I enjoy text based Roguelikes (e.g., Moria, Angband, Nethack) so it's not like I'm a graphics snob. However a game where the entire draw is the simulation aspects needs to be in a genre I'm absolutely wild about, and farming sure as heck isn't it. I will also say that the commentators that show up to declare SV the only game worth playing in this entire genre any time something similar (like AC) comes up awaken my contrarian streak.

    1. I certainly don't want to rag on Stardew valley, not least because I've never played it. Visually I wouldn't be able to assess its merits very well because I've spent so long avoiding things that look like it I don't realy know if its a good, mediocre or bad example of the class of things that look like that. I assume from the stellar reviews its a good one but I'm happy to take that on trust without trying to test it for myself.

  4. I think most who claim to be unswayed by graphics to be deluding at the very least themselves. I think similar to you good graphics are unable to sustain me for long in an otherwise bad game, but 'bad' graphics can certainly turn me away.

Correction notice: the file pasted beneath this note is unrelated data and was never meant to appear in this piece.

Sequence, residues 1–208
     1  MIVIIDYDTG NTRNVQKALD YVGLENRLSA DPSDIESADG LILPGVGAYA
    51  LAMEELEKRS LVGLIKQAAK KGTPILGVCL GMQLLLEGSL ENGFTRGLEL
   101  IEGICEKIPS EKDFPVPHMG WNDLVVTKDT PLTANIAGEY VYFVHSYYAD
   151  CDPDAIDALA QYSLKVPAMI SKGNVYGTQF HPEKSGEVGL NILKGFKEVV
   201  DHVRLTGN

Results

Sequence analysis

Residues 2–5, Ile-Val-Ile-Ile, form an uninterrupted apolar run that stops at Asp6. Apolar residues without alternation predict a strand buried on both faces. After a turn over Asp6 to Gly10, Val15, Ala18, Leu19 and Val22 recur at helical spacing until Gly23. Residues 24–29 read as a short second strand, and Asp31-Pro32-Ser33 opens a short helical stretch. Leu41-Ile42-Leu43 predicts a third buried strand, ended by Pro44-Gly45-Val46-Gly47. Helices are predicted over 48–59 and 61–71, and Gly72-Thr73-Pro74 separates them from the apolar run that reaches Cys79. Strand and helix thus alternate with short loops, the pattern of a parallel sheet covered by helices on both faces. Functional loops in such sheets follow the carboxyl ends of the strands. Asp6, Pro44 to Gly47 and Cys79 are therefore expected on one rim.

Where we differ is what trips this for us. Pixel art in the style of SDV is OK to me. Heck, I can even handle playing Dwarf Fortress (albeit with a tileset).

    But if the jump to 3D is made, I start getting very picky. Janky animations and I'm gone fairly quick smart. Older titles that I carry no particular nostalgia for are also problematic. *Unless* they adopt a more cartoony style which tends to stand the test of time a little better.

    Interesting stuff though. It certainly seemed quite the thing some years ago to make the claim 'Graphics don't matter to me!' as a sort of virtue; but I hadn't heard much of it for quite some time.